By Bianca Fortis
Queens is getting a new system for monitoring noise from area airports, officials from the Port Authority of New York & New Jersey said last week.
State Assemblywoman Marge Markey (D-Maspeth) called a meeting Nov. 6 at Maspeth Town Hall for officials from the Port Authority and the Federal Aviation Administration to address longstanding complaints about noise from airplanes flying into and out of LaGuardia and Kennedy International airports.
Residents came from Woodside, Middle Village, Maspeth, Elmhurst, Woodside and Jackson Heights for the meeting.
Edward Knoesel, manager of the Port Authority’s environmental services aviation department, announced a new Airport Noise and Operations Monitoring System is in the process of being implemented throughout the borough.
Knoesel said the new system will provide more accurate and current information and the data logs will be available within 24 hours. The old system has a four-day lag time.
At the end of the year, a public website will be launched that will track flights, monitor noise decibel readings, provide runway closure announcements and allow city residents to file noise complaints, Knoesel said.
The Port Authority will keep 10 years of data that have been obtained through the old system.
Members of the community say airplane noise pollution has been louder, lower and more frequent than in the past, especially over the summer.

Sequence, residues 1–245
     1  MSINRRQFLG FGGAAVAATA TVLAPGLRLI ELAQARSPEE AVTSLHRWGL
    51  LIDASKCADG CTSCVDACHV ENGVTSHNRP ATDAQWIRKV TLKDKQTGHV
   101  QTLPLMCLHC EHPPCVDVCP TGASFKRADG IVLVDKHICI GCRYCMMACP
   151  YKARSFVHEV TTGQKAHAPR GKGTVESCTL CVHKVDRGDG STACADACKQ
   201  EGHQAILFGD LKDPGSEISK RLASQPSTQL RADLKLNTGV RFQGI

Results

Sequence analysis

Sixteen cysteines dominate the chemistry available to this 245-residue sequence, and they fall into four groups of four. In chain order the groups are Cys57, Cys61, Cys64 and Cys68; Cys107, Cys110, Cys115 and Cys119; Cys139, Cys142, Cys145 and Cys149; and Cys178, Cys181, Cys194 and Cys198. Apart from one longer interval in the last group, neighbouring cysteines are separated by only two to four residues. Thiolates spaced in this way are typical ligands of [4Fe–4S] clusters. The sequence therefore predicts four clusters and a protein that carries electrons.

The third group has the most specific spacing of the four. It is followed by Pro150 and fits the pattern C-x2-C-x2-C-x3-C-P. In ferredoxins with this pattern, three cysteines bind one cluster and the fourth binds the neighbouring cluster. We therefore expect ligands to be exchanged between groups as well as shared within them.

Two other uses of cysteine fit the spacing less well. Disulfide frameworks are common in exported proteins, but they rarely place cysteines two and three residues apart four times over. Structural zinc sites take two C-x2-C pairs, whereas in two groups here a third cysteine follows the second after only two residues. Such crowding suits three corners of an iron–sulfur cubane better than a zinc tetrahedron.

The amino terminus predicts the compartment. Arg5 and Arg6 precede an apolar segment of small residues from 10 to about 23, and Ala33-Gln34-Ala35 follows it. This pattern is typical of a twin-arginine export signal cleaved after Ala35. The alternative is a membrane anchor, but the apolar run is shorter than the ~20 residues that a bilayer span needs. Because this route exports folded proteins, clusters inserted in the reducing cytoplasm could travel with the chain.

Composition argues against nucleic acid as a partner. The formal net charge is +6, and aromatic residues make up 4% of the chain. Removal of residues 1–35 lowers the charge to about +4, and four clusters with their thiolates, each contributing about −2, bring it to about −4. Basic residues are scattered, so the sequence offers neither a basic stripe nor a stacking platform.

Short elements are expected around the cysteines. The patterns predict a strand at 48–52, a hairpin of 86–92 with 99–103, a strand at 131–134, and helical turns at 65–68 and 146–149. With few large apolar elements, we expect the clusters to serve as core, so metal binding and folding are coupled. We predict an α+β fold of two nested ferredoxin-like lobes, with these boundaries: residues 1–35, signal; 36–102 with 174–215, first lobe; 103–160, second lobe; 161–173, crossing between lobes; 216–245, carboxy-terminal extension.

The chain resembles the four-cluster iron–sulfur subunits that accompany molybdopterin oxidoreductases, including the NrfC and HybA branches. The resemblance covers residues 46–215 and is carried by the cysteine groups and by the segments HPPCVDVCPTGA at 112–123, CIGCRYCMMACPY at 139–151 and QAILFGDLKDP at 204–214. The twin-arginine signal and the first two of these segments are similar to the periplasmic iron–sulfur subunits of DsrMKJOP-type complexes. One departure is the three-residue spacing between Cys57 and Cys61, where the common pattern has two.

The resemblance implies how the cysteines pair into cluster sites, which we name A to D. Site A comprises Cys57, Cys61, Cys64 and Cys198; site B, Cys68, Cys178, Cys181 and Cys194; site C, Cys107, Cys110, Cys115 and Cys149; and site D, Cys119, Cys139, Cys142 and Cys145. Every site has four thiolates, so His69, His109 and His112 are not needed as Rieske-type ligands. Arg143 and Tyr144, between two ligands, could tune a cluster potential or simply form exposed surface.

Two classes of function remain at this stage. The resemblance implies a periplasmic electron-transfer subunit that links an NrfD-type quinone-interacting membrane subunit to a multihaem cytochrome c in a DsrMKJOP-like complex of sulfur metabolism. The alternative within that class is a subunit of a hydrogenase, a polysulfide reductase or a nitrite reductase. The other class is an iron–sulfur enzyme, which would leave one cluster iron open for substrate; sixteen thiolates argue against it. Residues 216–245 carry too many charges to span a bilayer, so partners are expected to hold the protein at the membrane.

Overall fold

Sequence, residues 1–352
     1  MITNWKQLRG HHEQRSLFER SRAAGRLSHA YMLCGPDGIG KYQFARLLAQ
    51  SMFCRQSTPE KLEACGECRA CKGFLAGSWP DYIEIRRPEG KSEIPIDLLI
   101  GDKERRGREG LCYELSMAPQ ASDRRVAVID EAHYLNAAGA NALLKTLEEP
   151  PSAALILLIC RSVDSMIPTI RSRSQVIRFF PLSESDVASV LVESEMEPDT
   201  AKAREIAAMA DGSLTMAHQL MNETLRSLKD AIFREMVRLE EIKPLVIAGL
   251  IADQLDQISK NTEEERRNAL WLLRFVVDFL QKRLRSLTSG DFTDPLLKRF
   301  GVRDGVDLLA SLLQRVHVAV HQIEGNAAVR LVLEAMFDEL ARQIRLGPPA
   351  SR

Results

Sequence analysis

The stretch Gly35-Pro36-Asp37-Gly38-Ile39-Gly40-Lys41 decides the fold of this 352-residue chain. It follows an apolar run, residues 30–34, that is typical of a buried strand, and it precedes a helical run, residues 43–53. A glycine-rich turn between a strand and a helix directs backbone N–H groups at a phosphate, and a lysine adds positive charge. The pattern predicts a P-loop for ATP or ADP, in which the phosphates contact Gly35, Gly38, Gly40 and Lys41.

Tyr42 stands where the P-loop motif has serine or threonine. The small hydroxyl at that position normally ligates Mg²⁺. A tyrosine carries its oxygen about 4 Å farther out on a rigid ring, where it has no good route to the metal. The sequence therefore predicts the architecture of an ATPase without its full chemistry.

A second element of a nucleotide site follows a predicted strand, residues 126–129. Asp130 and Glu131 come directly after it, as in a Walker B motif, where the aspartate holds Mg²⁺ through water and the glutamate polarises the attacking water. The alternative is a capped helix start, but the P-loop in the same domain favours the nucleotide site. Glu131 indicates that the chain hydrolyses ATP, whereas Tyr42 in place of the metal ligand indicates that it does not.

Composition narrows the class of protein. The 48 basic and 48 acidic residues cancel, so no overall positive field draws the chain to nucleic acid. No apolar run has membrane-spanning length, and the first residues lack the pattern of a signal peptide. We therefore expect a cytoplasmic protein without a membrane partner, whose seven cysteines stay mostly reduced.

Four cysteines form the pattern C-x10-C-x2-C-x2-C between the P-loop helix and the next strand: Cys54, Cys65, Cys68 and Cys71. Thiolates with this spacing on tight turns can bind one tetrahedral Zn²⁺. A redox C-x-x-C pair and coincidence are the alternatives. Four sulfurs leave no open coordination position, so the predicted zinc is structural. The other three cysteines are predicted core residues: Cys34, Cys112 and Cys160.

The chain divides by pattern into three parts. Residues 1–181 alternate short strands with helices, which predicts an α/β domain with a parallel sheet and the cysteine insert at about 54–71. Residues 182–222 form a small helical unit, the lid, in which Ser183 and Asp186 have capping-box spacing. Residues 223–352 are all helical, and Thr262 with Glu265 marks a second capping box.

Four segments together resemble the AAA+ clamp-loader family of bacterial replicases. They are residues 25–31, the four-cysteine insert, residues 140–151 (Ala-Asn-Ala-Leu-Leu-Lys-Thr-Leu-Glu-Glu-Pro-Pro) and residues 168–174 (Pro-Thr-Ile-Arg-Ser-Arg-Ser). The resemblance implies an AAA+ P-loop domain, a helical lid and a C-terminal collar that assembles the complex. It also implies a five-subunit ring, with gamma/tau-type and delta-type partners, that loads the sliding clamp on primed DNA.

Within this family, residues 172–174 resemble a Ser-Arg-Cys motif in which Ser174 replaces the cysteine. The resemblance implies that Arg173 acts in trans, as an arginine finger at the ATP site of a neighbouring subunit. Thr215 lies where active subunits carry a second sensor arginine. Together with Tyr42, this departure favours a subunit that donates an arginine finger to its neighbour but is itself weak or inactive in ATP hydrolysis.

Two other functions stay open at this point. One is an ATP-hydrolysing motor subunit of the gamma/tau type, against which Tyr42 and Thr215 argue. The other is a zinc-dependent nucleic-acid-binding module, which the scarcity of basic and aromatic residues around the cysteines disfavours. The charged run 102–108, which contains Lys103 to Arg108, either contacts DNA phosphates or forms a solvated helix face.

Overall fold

Roe Daraio, president of Communities of Maspeth & Elmhurst Together, a civic group, said at times the planes are so loud they sound like they are about to land on the roofs of homes. She has experienced her house vibrating, she said.
“Our windows shake,” she said. “By 1 o’clock, I’m taking aspirin — and that’s when I’m in the house with my windows closed.”
Some residents said that they have been awakened late at night because of aircraft noise.
Knoesel said there are no restrictions to what time a plane can fly, although airlines generally operate the planes between the hours of 6 a.m. and 12 a.m.
Over the summer some airlines choose to land later flights if the flights have been delayed, according to Mark Guiod, manager of the FAA’s New York Terminal Radar Approach Control. Some land as late as 2 a.m.
Knoesel said residents all around Queens suffer from the noise. Authorities must balance complaints along with maintaining operations of the airports that are part of the busiest airspace in the world, he said.
He said La Guardia airlines are beginning to replace some older, louder planes, which should help address the noise issue.
“The geographical area of who is being exposed to and experiencing that noise is shrinking, it’s getting smaller,” he said. “The planes are changing out, and these planes are a lot quieter than what they used to be. There’s no more 707s, there’s no more 727s — those things were really very, very loud.”
To log complaints, call 1-800-225-1071. Complaints can also be submitted through planenoise.com/panynj/daPRAbf9.
Information about Queens Quiet Skies, a nonprofit that advocates for relief from airplane noise for all Queens residents, is available at queensquietskies.org. The group can be contacted at firstname.lastname@example.org.
Reach reporter Bianca Fortis by email at email@example.com or by phone at 718-260-4546.